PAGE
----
"Topic B.1 � Muscles and Movement"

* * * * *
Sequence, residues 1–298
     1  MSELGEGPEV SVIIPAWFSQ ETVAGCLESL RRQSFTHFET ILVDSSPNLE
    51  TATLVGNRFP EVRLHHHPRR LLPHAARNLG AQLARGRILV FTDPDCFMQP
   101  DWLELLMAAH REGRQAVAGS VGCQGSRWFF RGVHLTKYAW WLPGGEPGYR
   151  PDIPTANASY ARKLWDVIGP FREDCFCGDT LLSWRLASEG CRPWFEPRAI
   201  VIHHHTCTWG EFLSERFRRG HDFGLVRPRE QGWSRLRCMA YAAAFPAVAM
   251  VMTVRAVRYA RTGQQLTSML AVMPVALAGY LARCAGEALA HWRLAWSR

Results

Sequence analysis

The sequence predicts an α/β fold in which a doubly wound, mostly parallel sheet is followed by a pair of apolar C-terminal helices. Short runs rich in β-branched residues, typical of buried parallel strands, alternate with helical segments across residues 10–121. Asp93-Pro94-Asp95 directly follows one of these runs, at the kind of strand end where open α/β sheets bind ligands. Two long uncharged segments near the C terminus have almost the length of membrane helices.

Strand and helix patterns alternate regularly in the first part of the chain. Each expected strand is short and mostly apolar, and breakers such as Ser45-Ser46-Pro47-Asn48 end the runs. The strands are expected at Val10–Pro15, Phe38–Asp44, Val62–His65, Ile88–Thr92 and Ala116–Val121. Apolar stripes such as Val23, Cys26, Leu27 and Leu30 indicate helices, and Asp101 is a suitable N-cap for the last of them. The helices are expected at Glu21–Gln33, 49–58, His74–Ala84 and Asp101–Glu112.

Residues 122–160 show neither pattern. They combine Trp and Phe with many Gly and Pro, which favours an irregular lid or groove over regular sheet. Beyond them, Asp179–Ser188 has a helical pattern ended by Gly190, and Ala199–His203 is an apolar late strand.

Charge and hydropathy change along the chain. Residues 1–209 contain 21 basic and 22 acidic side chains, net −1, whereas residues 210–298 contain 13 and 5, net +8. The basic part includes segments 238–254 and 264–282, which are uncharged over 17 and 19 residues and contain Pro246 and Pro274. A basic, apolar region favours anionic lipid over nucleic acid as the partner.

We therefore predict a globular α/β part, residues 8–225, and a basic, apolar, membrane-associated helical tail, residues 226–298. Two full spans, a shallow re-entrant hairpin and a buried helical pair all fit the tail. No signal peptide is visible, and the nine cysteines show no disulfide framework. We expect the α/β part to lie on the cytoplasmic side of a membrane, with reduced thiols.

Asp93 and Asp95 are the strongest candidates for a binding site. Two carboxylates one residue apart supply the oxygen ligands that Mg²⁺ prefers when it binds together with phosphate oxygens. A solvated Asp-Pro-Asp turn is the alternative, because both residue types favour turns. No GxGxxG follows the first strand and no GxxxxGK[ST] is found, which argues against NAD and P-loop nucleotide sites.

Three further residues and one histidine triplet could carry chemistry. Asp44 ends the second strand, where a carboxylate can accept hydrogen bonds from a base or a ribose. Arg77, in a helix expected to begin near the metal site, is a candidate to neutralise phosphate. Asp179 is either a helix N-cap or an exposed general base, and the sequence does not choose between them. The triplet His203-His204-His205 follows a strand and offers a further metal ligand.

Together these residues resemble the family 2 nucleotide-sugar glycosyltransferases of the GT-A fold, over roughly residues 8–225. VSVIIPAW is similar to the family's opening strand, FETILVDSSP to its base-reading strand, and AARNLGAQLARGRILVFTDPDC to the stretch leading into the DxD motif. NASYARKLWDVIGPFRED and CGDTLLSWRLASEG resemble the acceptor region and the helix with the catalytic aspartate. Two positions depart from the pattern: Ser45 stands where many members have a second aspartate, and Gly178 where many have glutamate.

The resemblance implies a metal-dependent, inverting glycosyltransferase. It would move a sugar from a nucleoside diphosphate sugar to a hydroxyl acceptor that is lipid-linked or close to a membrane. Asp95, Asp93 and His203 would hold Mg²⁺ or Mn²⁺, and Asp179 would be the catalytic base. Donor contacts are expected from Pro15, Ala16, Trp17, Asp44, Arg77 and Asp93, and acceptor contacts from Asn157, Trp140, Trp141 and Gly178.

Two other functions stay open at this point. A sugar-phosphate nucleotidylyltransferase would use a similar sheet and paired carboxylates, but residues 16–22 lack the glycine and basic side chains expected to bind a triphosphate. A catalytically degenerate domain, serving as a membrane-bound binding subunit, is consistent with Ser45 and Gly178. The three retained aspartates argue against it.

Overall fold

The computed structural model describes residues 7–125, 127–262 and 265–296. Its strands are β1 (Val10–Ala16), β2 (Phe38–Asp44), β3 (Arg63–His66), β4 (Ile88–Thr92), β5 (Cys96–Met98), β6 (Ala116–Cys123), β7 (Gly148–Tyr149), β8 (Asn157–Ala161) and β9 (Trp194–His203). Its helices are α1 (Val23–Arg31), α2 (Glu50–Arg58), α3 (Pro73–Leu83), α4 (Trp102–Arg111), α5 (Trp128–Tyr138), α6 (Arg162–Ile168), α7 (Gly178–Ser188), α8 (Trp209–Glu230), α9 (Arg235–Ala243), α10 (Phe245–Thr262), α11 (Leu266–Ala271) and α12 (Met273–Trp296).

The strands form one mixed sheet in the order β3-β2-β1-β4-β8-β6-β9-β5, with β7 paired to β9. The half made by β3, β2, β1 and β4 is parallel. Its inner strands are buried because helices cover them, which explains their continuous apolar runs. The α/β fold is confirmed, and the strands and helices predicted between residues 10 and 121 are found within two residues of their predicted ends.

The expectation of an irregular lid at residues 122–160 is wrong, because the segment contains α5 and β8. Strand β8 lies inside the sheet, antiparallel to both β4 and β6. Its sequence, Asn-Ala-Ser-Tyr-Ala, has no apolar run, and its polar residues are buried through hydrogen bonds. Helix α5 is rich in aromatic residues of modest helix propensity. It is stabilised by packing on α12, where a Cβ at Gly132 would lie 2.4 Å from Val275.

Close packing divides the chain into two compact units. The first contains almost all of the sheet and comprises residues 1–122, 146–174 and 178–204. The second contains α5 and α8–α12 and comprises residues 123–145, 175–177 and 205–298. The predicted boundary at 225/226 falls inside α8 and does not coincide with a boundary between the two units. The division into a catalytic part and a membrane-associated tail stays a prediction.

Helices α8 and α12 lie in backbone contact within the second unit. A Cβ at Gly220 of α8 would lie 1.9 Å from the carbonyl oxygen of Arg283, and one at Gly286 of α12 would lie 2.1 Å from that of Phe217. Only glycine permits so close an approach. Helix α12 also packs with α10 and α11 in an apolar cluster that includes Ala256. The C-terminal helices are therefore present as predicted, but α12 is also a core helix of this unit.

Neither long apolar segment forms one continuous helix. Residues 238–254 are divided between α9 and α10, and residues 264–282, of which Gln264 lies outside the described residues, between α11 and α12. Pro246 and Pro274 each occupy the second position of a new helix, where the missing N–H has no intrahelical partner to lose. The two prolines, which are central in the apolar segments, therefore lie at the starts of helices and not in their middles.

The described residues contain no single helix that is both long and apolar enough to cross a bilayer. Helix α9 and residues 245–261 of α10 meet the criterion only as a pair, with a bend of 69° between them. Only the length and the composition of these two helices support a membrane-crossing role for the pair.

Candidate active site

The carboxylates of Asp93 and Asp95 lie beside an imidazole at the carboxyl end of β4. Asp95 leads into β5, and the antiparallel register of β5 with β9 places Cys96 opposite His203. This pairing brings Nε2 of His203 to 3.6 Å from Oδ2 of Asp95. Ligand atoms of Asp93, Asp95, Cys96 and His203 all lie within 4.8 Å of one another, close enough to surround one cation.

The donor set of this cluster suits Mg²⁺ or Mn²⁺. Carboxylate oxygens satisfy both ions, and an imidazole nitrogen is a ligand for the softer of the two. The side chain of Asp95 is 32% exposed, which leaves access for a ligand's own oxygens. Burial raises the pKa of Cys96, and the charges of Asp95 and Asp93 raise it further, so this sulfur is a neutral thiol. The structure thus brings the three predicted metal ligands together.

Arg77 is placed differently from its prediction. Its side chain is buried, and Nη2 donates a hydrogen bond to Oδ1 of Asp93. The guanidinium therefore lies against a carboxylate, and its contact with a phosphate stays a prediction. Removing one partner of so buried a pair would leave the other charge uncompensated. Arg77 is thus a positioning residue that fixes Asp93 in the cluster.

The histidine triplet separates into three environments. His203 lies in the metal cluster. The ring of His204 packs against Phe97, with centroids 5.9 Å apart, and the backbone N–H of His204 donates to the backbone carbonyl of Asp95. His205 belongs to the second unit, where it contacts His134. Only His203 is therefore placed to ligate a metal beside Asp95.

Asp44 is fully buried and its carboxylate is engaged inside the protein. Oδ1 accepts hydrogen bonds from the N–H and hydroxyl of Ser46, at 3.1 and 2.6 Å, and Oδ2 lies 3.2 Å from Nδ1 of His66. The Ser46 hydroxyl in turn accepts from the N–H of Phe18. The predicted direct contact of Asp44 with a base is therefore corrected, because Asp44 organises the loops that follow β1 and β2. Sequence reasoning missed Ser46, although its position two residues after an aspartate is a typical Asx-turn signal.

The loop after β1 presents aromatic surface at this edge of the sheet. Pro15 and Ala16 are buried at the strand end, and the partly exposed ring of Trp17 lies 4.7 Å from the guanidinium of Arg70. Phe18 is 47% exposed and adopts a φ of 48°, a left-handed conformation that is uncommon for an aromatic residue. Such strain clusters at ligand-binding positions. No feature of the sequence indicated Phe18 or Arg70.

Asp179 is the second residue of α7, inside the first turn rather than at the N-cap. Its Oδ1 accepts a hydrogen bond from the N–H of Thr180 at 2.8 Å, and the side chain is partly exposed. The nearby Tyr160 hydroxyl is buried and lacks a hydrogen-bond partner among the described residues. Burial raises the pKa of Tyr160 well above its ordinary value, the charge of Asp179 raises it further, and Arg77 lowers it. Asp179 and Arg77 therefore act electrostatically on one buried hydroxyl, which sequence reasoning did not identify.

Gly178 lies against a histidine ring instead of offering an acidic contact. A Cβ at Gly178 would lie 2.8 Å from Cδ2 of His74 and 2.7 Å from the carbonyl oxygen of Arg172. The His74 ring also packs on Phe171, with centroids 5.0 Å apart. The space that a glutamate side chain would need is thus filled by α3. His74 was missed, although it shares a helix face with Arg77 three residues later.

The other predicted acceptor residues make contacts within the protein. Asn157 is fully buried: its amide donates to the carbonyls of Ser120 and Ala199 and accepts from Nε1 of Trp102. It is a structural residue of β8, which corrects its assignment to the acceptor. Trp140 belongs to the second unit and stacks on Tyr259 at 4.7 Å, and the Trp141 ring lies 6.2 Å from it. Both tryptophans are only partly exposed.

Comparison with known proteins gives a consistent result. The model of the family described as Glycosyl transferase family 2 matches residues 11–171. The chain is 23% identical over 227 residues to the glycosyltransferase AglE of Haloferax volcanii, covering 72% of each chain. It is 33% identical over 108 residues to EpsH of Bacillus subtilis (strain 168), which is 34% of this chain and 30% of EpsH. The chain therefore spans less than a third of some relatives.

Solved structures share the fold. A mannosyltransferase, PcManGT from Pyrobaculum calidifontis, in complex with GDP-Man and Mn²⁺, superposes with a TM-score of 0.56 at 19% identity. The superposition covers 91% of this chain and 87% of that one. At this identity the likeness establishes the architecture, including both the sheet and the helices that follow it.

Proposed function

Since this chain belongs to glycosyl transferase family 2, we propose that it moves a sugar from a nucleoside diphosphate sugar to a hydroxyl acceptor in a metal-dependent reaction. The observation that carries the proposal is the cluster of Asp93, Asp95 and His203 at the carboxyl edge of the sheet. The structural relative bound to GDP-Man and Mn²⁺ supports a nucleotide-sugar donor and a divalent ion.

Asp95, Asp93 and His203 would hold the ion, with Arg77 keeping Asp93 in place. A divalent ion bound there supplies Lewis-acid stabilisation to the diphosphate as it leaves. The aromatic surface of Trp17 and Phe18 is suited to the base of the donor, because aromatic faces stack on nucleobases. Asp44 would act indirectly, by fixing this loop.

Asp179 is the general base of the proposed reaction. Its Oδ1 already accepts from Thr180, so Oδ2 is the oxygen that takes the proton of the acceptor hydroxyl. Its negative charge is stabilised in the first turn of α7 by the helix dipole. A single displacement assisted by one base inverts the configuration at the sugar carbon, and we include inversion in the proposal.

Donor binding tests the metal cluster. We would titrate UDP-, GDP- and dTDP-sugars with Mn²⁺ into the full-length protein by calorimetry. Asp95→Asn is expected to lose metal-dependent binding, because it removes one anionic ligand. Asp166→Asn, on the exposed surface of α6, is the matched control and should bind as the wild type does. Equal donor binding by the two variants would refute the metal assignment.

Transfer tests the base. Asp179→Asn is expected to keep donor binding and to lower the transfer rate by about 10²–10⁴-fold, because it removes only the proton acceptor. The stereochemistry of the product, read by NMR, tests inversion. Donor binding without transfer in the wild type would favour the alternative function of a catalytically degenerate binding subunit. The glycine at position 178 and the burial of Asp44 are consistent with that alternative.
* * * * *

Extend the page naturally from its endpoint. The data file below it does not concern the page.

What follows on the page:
Topic B.1 – Muscles and Movement IBSL Biology S. Dosman B.1.1 - State the roles of bones, ligaments, muscles, tendons and nerves in human movement. • A joint is where two or more bones come in contact with one another. • Joints provide our skeleton with mobility and hold the skeletal system together. • Joints include bones, ligaments, muscles, tendons and nerves. Bones • Bones are composed of many different tissues which make them organs. • There are 206 bones in the human body. They provide the following functions: • A hard framework to support the body • Protection of vulnerable tissues and organs • Acting as levers so the body can move • Blood cells are formed in the marrow • Storage area for minerals such as calcium and phosphorus Ligaments • Ligaments are tough, band-like structures that connect bone to bone and strengthen the joint. • They restrict movement at the joints to prevent over extension and dislocation. Muscles • Muscles provide the force necessary or needed to move a joint by contracting. • Muscles can move joints only when they contract so they must work in pairs. One muscle contracts and moves the joint in one direction while the other relaxes, and vice versa. • This combination of muscles is known as antagonistic pairs and the biceps and triceps are an example of an antagonistic pair. Tendons • Tendons are dense cords of connective tissue that connect muscle to bone. • Tendons are what allow muscles to pull on a bone. Nerves • The role of nerves is to stimulate the muscles. • This will cause contraction of the muscle and the joint will move. • The nerves also sense the contraction and the relative position of the limbs and this can help prevent overextension of the joint. B.1.2 - Label a diagram of the human elbow joint, including cartilage, synovial fluid, joint capsule, named bones and antagonistic muscles (biceps and triceps). B.1.3 - Outline the functions of the structures in the human elbow joint named in B.1.2. • The human elbow joint is a hinge joint which means it can move similar to the action of a door; open and close. • It involves three bones; the humerus is located in the upper arm and the lower arm consists of the radius and ulna. • The following chart summarizes the structures and functions of the human elbow joint. Structure Function Cartilage Cartilage provides the bones with a smooth surface which allows for easy movement, reduces friction and absorbs shock. Synovial fluid Lubricates the joint to reduce friction and also provides nutrients and oxygen to the cells of the cartilage. Joint capsule Surrounds the joint, encloses the synovial cavity, and unites the connecting bones. Tendons Attach muscle to bones. The biceps are attached to the scapula and the radius. The triceps are attached to the scapula and the ulna. Ligaments Connect bone to bone. The radius and ulna are connected to the humerus by ligaments. Biceps muscle Contraction of the bicep muscle pulls on the lower arm causes flexion (bending) of the arm. Triceps muscle Contraction of the triceps causes extension (straightening) of the arm. Humerus Acts as a lever that allows for the anchoring of the muscles of the elbow. Radius Acts as a lever for the biceps muscle. Ulna Acts as a lever for the triceps muscle. B.1.4 - Compare the movements of the hip joint and the knee joint. • Both the hip and knee joints are diarthrotic joints which mean they are freely moveable. • The knee joint, like the elbow joint, is also a hinge joint. • It allows for movement in one plane and this includes flexion and extension. A hinge joint does not allow for much movement in the other two planes. Hip Joint • The hip joint is known as a ball-and-socket joint. This type of joint permits movement in three planes. The motions possble are flexion, extension, abduction, adduction, circumduction, and rotation. • These types of movements can occur because the head of the femur is shaped like a ball and there is a cup-like depression known as the acetabulum in the hip bone that the head of the femur sits in. B.1.5 - Describe the structure of striated muscle fibres, including the myofibrils with light and dark bands, mitochondria, the sarcoplasmic reticulum, nuclei and the sarcolemma. • Striated muscle can also be referred to as skeletal muscle because it is responsible for the movement of the skeleton. • Striated muscle consists of thousands of cells referred to as muscle fibres because they are such long, multinucleate cells. • The muscle fibres are covered by a plasma membrane known as the sarcolemma which has many tunnel-like extensions known as transverse tubules that penetrate into the muscle cell. Structure of Striated Muscles • Muscle cells contain cytoplasm known as sarcoplasm. It contains a high number of glycosomes; organelles that store glycogen. It also contains large amounts of a red-colored protein known as myoglobin. • Striated muscle also contains sarcoplasmic reticulum which is similar to the endoplasmic reticulum studied earlier. It is a fluid filled system of membranous sacs that surround the myofibrils. Structure of Striated Muscles • Inside each muscle fibre are cylindrical structures known as myofibrils. These are composed of repeating units called sarcomeres; the unit that allows for movement. • They are rod-shaped and they run the length of the cell parallel to one another. In between the closely packed myofibrils are many mitochondria. • Sarcomeres have light and dark bands which extend across the myofibrils of the muscle fibre giving it its characteristic striated or stripped appearance. Actin and Myosin • Actin and myosin are two types of myofilaments composed of actin and myosin, two contractile proteins. They are compared in the table below. Actin Myosin Thin filaments (8 nm in diameter) Thick filaments (16 nm in diameter) Contains myosin binding sites Contains myosin heads that have actin binding sites Individual molecules form helical Individual molecules form a common structures shaft-like region with outward protruding heads Includes two regulatory proteins, Heads are referred to as cross-bridges tropomyosin and troponin and contain ATP binding sites and ATPase enzymes B.1.6 - Draw and label a diagram to show the structure of a sarcomere, including Z lines, actin filaments, myosin filaments with heads, and the resultant light and dark bands. B.1.7 - Explain how skeletal muscle contracts, including the release of calcium ions from the sarcoplasmic reticulum, the formation of cross- bridges, the sliding of actin and myosin filaments, and the use of ATP to break cross-bridges and re-set myosin heads. • Refer to handout given in class and the following animation: http://bcs.whfreeman.com/thelifewire/content/ chp47/4702001.html B.1.8 - Analyse electron micrographs to find the state of contraction of muscle fibres.